Roundup: Video Games, Dust, and Pollinators

Roundup: Jurassic Park, Dust and Interactions

 

Jurassic Park Video Game Features Glacier Park

From Jurassic Wiki: A  Jurassic Park video game features a glacier park located in Patagonia. The game follows similar video games in the genre like Zoo Tycoon where the player designs and monitors a park with formerly extinct animals. Some animals require more upkeep than others and the last thing the owner of the park would want is for them to get out and interact with the customers! “Everybody has been calling this animal the saber-tooth tiger. It does kind of look like a saber-tooth tiger, but it’s actually called the Megistotherium. For this animal, you can take a look at its fossils on Wikipedia,” according to Jurassic Park Builders.

Check out the game here.

A Megistotherium from the Jurassic Park video game (Source: Jurassic Park Wiki).

 

Dust from Asia Reduces Albedo of Glaciers

From Atmospheric Research: “Mineral aerosols scatter and absorb incident solar radiation in the atmosphere, and play an important role in the regional climate of High Mountain Asia (the domain includes the Himalayas, Tibetan Plateau, Pamir, Hindu-kush, Karakorum and Tienshan Mountains). Dust deposition on snow/ice can also change the surface albedo, resulting in [deviations] in the surface radiation balance. However, most studies that have made quantitative assessments of the climatic effect of mineral aerosols over the High Mountain Asia region did not consider the impact of dust on snow/ice at the surface. In this study, a regional climate model coupled with an aerosol–snow/ice feedback module was used to investigate the emission, distribution, and deposition of dust and the climatic effects of aerosols over High Mountain Asia.”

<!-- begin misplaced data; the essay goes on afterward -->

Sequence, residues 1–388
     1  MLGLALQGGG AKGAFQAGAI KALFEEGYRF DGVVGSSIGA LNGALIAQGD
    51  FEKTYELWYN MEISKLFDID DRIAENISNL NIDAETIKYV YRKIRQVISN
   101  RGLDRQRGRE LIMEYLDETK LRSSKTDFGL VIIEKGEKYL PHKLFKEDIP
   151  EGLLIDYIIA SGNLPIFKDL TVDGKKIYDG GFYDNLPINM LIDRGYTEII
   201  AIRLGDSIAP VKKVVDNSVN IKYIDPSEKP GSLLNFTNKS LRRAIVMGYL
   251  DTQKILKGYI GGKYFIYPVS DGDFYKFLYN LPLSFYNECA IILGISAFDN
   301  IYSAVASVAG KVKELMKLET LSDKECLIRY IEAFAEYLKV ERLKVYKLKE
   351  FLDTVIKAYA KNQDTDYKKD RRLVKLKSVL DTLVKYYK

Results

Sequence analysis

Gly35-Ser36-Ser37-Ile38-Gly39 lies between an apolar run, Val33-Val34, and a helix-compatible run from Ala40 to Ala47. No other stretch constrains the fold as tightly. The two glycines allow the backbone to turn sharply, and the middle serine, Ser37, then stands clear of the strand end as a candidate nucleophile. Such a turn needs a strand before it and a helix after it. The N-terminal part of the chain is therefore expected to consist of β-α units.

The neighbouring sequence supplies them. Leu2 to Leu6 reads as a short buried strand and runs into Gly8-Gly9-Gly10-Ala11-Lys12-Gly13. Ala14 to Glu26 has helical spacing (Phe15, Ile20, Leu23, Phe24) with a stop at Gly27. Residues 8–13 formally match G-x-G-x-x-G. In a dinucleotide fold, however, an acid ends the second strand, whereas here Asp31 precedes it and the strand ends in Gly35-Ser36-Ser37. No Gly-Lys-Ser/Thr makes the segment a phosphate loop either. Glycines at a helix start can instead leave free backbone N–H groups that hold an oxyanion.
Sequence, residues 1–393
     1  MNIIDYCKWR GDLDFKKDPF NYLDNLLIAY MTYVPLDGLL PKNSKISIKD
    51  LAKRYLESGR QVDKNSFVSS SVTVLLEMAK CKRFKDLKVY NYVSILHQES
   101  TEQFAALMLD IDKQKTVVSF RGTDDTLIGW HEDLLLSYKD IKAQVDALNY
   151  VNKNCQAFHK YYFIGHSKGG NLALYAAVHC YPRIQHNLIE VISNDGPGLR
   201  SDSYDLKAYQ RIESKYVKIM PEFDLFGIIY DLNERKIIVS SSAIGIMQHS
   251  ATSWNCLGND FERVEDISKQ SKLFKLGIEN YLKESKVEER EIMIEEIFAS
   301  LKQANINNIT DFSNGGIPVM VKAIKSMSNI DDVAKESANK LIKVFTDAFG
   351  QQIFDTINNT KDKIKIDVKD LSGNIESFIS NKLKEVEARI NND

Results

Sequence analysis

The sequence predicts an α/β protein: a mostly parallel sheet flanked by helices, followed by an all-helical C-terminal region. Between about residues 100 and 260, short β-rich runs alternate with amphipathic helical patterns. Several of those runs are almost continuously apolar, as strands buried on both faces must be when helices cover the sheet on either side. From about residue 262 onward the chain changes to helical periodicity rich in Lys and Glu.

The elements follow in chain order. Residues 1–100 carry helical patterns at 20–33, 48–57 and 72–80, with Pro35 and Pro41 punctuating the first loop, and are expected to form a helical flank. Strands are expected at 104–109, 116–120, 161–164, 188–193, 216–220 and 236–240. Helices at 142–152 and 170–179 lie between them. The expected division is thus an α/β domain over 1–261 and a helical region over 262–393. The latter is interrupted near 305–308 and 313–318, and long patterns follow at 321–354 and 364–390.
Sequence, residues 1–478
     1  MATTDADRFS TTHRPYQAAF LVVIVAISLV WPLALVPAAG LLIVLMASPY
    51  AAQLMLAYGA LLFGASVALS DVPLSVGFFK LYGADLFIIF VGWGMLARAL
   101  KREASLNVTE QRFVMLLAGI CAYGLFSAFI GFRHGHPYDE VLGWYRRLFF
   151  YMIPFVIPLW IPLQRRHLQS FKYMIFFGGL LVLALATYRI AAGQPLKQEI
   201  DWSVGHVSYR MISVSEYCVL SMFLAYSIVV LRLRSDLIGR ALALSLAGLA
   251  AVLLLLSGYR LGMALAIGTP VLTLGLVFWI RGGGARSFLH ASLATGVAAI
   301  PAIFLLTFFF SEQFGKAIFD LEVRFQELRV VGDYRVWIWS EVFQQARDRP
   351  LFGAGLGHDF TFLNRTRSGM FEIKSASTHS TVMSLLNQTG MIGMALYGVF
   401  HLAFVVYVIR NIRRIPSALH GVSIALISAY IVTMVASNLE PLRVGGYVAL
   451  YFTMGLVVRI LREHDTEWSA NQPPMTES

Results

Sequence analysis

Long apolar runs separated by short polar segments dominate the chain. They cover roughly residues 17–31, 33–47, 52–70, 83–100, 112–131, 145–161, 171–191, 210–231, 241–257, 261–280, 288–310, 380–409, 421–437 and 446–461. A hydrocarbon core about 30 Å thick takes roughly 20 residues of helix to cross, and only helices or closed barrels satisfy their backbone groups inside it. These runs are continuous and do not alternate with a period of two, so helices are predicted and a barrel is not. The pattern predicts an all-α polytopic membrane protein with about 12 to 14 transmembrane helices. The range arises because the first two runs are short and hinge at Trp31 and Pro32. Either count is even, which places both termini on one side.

Learn more about dust in High Mountain Asia here.

A glacier in High Mountain Asia (Source: Sandeepachetan.com/Creative Commons).
A glacier in High Mountain Asia (Source: Sandeepachetan.com/Creative Commons).

 

Glacial Retreat Spurs New Interactions

From Anthropod-Plant Interactions: “Successional changes of plant and insect communities have been mainly analysed separately. Therefore, changes in plant–insect interactions along successional gradients on glacier forelands remain unknown, despite their relevance to ecosystem functioning. This study assessed how successional changes of the vegetation influenced the composition of the flower-visiting insect assemblages of two plant species, Leucanthemopsis alpina (L.) Heyw. and Saxifraga bryoides L., selected as the only two insect-pollinated species occurring along the whole succession… We emphasize that dynamics of alpine plant and insect communities may be structured by biotic interactions and feedback processes, rather than only be influenced by harsh abiotic conditions and [randomly determined] events.”

Read more about anthropod-plant interactions here.

An international journal devoted to anthropod-plant interactions (Source: Sitecard).

 

 

 

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